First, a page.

TV's advertising economics are not that hard to figure out -- even in these striking, trying times.
You don't have development. You don't have pilots. You don't have anything to show to
advertisers, at a pricey upfront presentation. So you don't have the gaudy affair -- at least for this year.NBC
says it's nearing a
decision to cut its annual "dog and pony" show, as NBC Universal chief executive Jeff Zucker calls it. But Zucker won't cancel the actual upfront advertising marketplace itself. That would be stupid.
NBC, as well as the other networks, still need the cash, especially the bulk that the upfront brings. Better to have 70% of all advertisers' yearly TV spending in your pocket now instead
of later -- even if it is for "Celebrity Biggest Loser" and "Celebrity American Gladiators," and USA Network reruns of "Psych," "Monk" and "Burn This."Network chiefs
are optimistic -- even iooking at a weakening advertising market and an almost definite
All network executives want to get rid of their million-dollar mid-May extravaganzas for advertisers. But stop the upfront market itself? No way. That's suicidal. Grabbing
all those media buys early helps them to better plan inventory for the year -- as well as keeping scatter prices higher than upfront prices -- usually.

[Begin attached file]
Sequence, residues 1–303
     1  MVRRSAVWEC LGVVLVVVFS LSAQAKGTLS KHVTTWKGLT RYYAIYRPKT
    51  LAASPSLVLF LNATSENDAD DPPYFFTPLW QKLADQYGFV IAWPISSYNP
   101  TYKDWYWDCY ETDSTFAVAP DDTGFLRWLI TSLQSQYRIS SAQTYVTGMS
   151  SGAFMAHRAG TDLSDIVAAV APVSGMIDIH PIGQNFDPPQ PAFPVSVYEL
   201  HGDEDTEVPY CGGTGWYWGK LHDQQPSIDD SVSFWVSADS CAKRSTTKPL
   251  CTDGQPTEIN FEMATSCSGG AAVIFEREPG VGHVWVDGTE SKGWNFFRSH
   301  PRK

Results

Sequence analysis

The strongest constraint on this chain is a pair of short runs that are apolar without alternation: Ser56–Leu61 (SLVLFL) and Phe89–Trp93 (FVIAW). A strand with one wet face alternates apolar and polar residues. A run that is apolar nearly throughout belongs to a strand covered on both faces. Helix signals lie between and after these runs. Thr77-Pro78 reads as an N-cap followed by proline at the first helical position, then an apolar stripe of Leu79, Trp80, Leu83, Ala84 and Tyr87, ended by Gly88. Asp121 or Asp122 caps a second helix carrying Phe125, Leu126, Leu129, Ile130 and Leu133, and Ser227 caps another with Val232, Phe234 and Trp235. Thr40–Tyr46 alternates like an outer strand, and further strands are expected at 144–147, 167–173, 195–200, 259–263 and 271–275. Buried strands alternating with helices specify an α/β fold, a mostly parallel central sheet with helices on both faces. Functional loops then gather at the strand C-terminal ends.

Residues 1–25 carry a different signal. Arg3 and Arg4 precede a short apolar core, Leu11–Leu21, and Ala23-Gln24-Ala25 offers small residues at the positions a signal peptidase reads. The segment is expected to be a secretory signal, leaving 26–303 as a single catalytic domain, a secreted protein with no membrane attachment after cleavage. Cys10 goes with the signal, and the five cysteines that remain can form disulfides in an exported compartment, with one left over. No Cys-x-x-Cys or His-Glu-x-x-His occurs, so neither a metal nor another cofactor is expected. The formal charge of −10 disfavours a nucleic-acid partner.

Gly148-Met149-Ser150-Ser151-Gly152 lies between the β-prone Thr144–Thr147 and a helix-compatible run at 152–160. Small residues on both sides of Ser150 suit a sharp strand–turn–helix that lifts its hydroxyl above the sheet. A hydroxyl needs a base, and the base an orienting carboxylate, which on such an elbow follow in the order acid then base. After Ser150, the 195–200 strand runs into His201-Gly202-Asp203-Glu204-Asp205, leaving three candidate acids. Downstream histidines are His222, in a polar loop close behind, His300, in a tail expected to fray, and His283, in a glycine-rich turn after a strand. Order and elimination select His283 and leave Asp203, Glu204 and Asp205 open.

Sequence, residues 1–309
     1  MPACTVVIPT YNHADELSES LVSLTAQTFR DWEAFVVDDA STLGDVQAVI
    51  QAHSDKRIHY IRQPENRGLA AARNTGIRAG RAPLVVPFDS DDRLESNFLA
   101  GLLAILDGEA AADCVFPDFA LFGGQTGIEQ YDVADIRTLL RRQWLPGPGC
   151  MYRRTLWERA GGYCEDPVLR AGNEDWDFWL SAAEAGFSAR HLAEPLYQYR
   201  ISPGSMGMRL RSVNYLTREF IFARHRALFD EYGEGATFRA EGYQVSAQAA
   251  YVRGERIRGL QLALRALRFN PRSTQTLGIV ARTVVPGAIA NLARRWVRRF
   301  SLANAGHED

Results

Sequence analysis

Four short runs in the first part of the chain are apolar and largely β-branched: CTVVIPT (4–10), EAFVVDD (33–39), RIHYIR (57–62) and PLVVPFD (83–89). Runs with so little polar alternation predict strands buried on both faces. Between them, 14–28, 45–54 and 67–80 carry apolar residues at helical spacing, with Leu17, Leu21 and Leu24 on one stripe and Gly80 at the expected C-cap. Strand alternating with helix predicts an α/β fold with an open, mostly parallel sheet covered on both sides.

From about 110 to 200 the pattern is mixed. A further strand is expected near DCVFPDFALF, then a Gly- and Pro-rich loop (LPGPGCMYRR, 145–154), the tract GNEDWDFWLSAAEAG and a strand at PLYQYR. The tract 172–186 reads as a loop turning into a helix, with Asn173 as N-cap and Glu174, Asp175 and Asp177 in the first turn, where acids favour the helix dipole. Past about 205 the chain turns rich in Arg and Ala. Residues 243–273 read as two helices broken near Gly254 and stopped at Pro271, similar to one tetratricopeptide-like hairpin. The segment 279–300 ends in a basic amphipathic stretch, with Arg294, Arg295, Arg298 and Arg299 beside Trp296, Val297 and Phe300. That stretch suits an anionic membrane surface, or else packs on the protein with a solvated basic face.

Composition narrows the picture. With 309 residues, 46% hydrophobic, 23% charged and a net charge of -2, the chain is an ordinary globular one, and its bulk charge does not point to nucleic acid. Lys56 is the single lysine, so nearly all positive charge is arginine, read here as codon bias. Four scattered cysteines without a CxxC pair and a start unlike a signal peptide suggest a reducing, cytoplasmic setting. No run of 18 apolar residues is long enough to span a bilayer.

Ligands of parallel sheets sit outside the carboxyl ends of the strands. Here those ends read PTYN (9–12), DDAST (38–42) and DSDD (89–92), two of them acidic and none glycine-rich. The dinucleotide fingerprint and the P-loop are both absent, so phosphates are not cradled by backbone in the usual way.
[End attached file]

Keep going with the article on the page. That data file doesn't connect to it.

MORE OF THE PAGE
This is all fine with media
agency executives. They would love to abandon the week-long event of end-to- end parties. What's stopping them? Clients, that's who. They come to New York City and want to press the flesh with the
famous and the not-so famous, sometimes just to see what their dollars are actually buying.
Concerning the actual market itself -- that's another story. Where can advertisers turn? Not to
the Internet right now. It's not ready. Some money may go to cable, as well as syndication, or even local TV.
But the bulk of TV advertising points will still remain on network TV.
"American Idol," the NFL, "American Gladiators" and "Supernanny" still brings in the ratings points -- even if it's at a collective lower level.
No upfront parties? I guess we can do
without it seeing Simon Cowell, Donald Trump, or muscular men and women in spandex dipping shrimp. In mid-May -- in the midst of the big recession -- we'll all be at home counting what's left of our